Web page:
Poetry. The weather. It’s like a poem. Where each word is more than one thing at once and everything’s a metaphor. The meaning condenses into rhythm and sound and the spaces between sentences. It’s all intense and sharp, like the cold and the wind.”
You could just say it’s cold out.
I could.

This is a story I didn’t want to leave while I was in it, and is lingering with me even now, and I’m sure I’ll still be thinking about it tomorrow. And the next day. But the one thing I’ll mention? I’m adding to this review on my “tomorrow” after having read, and reviewed, this yesterday. And the one thing I woke up thinking about was.. as much as I wanted to love the romance, I don’t think it endures. I don’t want to spoil things or get into detail on this one bit where I didn’t detail anything else but as much as I was living for certain elements, in hindsight, they do kind of pale against the rest. So. I’m knocking this down just a little from my original five stars. Maybe I’ll feel different in a reread? I don’t know. That said, it’s the only bit of weakness in an otherwise very strong story.

A boy at the beginning of a story has no way of knowing that the story has begun.

My recommendation? Skip over the summary (which I never did read, ever) and just dive in. Do it now.

** I won an ARC from the publisher (thank you!) in a giveaway with no obligation to review. **

FULL DISCLOSURE by Camryn Garrett

In a community that isn’t always understanding, an HIV-positive teen must navigate fear, disclosure, and radical self-acceptance when she falls in love–and lust–for the first time. Powerful and uplifting, Full Disclosure will speak to fans of Angie Thomas and Nicola Yoon. 

Simone Garcia-Hampton is starting over at a new school, and this time things will be different. She’s making real friends, making a name for herself as student director of Rent, and making a play for Miles, the guy who makes her melt every time he walks into a room. The last thing she wants is for word to get out that she’s HIV-positive, because last time . . . well, last time things got ugly.

Keeping her viral load under control is easy, but keeping her diagnosis under wraps is not so simple. As Simone and Miles start going out for real–shy kisses escalating into much more–she feels an uneasiness that goes beyond butterflies. She knows she has to tell him that she’s positive, especially if sex is a possibility, but she’s terrified of how he’ll react! And then she finds an anonymous note in her locker: I know you have HIV. You have until Thanksgiving to stop hanging out with Miles. Or everyone else will know too.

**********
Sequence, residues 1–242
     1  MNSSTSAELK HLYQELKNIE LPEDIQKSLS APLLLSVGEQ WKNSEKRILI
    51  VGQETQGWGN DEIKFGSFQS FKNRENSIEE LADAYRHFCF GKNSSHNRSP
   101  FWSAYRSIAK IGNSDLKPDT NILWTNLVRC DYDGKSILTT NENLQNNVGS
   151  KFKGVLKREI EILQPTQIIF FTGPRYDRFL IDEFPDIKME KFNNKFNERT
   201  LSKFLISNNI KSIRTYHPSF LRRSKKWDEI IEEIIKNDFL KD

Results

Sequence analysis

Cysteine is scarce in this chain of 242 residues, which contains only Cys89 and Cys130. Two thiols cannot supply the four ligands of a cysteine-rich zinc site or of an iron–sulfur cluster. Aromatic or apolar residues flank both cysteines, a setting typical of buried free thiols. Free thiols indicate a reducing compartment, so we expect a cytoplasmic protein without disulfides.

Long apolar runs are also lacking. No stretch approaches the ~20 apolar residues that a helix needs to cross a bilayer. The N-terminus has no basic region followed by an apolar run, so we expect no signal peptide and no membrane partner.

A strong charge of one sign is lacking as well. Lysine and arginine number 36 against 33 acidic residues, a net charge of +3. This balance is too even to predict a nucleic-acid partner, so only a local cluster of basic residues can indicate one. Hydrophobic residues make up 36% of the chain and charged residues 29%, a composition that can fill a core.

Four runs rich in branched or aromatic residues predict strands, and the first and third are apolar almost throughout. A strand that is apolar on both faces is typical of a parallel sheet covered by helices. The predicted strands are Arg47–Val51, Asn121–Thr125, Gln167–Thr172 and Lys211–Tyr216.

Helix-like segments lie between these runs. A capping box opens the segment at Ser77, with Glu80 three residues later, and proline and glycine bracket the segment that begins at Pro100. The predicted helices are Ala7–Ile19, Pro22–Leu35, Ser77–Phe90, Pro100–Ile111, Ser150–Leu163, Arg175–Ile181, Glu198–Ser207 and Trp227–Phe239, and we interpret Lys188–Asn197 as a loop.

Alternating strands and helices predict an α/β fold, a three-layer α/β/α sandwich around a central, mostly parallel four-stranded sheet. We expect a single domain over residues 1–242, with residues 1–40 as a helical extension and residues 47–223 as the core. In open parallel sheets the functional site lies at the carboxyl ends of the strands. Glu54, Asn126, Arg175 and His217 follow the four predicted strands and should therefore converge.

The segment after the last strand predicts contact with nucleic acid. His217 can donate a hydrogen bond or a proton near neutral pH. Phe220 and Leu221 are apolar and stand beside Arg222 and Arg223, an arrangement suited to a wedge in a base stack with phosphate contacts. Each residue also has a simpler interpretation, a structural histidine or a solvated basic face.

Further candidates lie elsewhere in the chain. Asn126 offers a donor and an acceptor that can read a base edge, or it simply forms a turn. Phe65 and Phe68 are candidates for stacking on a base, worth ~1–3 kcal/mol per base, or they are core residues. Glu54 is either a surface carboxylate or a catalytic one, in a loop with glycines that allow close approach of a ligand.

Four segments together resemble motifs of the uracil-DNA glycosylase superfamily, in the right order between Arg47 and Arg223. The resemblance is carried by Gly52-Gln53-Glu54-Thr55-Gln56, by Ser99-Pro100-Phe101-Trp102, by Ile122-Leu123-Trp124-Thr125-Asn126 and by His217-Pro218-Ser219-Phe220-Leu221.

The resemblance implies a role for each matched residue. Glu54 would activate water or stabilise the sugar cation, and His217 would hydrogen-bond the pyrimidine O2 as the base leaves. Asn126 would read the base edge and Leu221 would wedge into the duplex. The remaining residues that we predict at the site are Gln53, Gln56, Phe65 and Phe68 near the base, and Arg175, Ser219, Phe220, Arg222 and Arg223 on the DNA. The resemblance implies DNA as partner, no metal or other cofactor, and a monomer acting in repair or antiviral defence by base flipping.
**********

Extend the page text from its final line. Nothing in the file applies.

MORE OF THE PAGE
Simone’s first instinct is to protect her secret at all costs, but as she gains a deeper understanding of the prejudice and fear in her community, she begins to wonder if the only way to rise above is to face the haters head-on…


Title : Full Disclosure
Author : Camryn Garrett
Format : ARC
Page Count : 320
Genre : YA LGBTQIA+ contemporary
Publisher : Knopf Books for Young Readers
Release Date : October 29, 2019

Reviewer : Hollis / Micky
Rating : ★ ★ ★ / ★ ★ ★


Hollis’ 3 star review

I fully admit that I requested this one because of the unique circumstances described in the synopsis. A YA contemporary dealing with HIV? Not a throwback story, or historical, set against the AIDS crisis but a real person, in today’s world? I had to read it. Adding to this already rare subject matter, was a diverse cast, dealing with topics of both race and sexuality.

But ultimately I think I loved the concept more than the execution.

This story reads a little like SIMON VS THE HOMOSAPIENS AGENDA. Our lead has a secret, she’s not out about her HIV at school (not after the disaster that happened at her last one), and she hasn’t even told her best friends; which means neither does her crush know. But someone does and someone threatens to out her if she doesn’t spill the beans by a specific deadline. The threats even get worse as her crush suddenly becomes her boyfriend. And Simone has to make a choice : avoid the chance at love and be browbeat by an unknown or come clean to those she cares about.